The Sell Your Novel Tool Kit

The Sell Your Novel Tool Kit ENHANCE YOUR CHANCES OF GETTING YOUR NOVEL PUBLISHED WITH THIS ONE OF A KIND GUIDE Writers often spend years perfecting their first novel then hit a dead end when it comes to getting it published Lear

  • Title: The Sell Your Novel Tool Kit
  • Author: Elizabeth Lyon
  • ISBN: 9780399528286
  • Page: 391
  • Format: Paperback
  • ENHANCE YOUR CHANCES OF GETTING YOUR NOVEL PUBLISHED WITH THIS ONE OF A KIND GUIDE Writers often spend years perfecting their first novel then hit a dead end when it comes to getting it published Learning to market your novel will make it stand out from the thousands of other books clamoring for the attention of an ever shrinking number of publishers In this book, ElizabENHANCE YOUR CHANCES OF GETTING YOUR NOVEL PUBLISHED WITH THIS ONE OF A KIND GUIDE Writers often spend years perfecting their first novel then hit a dead end when it comes to getting it published Learning to market your novel will make it stand out from the thousands of other books clamoring for the attention of an ever shrinking number of publishers In this book, Elizabeth Lyon offers the wisdom of than twenty years of experience as an author, book editor, writing instructor, and marketing consultant Step by step, she details what editors want, what questions to ask them, and how to develop a marketing strategy You will learn How to categorize your novel, and the sixteen ways of describing it Nine ways of selling your novel Descriptions of the jobs of literary agent, editor, and writer Examples of actual story synopses, and successful query letters in all the genres How to prepare sample chapters Thirty questions a writer needs to ask a prospective agent

    One thought on “The Sell Your Novel Tool Kit”

    1. Selling your novel to an agent or a publisher is not the fun part of being an author. It’s about strategy. It’s about condensing your entire book into a page. It’s about summarizing the highlights. It’s about categorizing your book into a genre so that an editor or agent will “get it” without having to read it. All in all, it can feel degrading. I know that my book is a living thing all its own. A multi-faceted meme, a catalyst that interacts with each mind in a different way (some w [...]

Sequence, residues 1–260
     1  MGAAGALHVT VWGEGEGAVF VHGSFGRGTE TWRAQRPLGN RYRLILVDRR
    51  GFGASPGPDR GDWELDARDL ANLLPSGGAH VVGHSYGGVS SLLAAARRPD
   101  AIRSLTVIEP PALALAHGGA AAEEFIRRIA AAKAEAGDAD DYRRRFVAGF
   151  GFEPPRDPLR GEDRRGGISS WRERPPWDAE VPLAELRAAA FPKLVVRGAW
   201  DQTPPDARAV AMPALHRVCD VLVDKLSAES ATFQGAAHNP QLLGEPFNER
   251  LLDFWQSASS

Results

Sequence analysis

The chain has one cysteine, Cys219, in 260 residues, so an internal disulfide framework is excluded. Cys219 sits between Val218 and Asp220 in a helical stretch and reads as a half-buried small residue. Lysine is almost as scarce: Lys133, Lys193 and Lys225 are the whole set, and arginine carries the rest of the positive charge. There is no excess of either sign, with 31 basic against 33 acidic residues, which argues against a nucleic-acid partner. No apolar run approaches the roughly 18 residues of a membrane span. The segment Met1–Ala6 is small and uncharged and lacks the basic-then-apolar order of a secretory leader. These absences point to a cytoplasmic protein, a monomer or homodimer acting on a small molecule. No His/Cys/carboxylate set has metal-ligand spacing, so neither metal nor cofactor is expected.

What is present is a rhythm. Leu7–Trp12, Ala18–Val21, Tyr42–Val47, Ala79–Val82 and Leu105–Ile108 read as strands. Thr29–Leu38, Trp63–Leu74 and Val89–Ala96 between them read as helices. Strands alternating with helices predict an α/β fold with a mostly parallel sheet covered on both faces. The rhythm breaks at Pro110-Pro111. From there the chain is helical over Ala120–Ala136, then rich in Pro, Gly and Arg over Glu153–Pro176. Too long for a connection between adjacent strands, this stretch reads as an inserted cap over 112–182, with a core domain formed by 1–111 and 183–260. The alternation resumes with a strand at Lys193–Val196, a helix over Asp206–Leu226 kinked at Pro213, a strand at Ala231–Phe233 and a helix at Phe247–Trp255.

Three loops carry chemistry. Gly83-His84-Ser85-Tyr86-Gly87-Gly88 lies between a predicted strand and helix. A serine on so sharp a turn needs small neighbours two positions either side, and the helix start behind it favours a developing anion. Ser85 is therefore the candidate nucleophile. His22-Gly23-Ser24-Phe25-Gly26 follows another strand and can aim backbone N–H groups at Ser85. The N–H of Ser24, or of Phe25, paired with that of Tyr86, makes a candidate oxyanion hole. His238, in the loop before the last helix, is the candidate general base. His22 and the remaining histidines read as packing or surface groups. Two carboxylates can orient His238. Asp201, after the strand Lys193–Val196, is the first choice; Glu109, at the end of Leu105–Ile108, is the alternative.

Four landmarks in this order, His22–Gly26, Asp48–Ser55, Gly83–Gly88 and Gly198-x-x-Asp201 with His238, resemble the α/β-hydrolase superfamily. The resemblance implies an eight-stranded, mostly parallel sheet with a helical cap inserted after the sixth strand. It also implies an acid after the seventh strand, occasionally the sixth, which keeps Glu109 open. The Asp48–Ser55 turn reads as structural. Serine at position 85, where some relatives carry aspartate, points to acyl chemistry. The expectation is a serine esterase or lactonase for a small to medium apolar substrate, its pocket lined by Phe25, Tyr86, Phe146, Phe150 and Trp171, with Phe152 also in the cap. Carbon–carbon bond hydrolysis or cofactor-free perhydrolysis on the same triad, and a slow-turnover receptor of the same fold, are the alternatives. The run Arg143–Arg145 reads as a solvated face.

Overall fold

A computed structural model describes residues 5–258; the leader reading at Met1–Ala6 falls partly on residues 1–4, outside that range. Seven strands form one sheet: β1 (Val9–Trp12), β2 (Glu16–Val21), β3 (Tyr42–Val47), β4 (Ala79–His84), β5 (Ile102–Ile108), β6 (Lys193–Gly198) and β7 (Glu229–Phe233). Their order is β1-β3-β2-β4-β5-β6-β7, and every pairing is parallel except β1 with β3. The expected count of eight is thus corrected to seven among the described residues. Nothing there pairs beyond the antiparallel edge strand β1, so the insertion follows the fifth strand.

2. A good primer to seeking a home for your novels. Lots of examples of queries and synopses, with notes on what makes them effective, or not. Also, tribulation and success stories at the end of each chapter and a good section on what questions you should ask prospective agents.

    3. As usual, I won't use a whole lot of time reviewing a non-fiction book. However, I did find this book very helpful and specific, and the layout is pretty good for reference purposes. I only found a couple faults with Lyon's book. The first was that it's outdated by a few years. (It was published in 1997, when the Internet was still pretty young and emailing queries still seemed a bit too casual.) The second is, like a lot of people who teach and write on publishing, she favors her own methods ab [...]

    4. I remember reading this while I was spending an afternoon in the library looking up writing books. I finished it in one sitting and appreciated how Lyon gives a coherent summary of how to market one's work once it's completed, including a ton of helpful examples on how to write good queries for publishers/agents. However, it does show its age and doesn't take into consideration the digital platform for marketing. I wish I could find a book that included some of the information that was in this b [...]

    5. One of the better books I've read on this topic. I do wish the author would update the book, though. This one still talks about sending paper manuscripts and SASE envelopes! Still, I like how the book gives inside information and a marketing strategy. Many writing books do not get this specific. I learned a thing or two. This book was recommended by Robert Dugoni for his writers' retreat that I will be attending in October.

    6. So you've written, rewritten, and rewritten. You've workshopped your manuscript at a conference. You've joined a writer's group and gotten feedback. You've let your manuscript cool off and rewritten it again. Now you think you're ready to sell it. This book is a crash course on getting an agent and more. Don't start querying until you've read i

    7. I've spent months reading this book off and on. It's very, very informative and has many query letter examples. I would advise taking some of the content with a grain of salt though, since it is from the 1990s, and the industry has changed quite a bit since then.

    8. It wasn't as useful as I'd hoped. Some of the charts are good, but keep in mind that the book is dated. I don't recommend spending your money on purchasing it--if you're interested, borrow it from your local library. There are more helpful resources on the internet for query letters and synopses.

    9. Clear and concise advice on what you need to do to get your book sold. The query letter and synopsis examples are incredibly helpful.

    10. In serious need of updating (w/r/t how to research and submit to agents), but a good overview to start from. Proceed directly to Query Shark and QueryTracker thereafter.

    11. This was good. I'll definitely want to re-read it when I have a finished manuscript ready to shove out of the nest.

    12. Well I ordered this to help me with the novel I am 'trying' to write. I have enjoyed it so far, and gives the information on the publishing world in simple terms.

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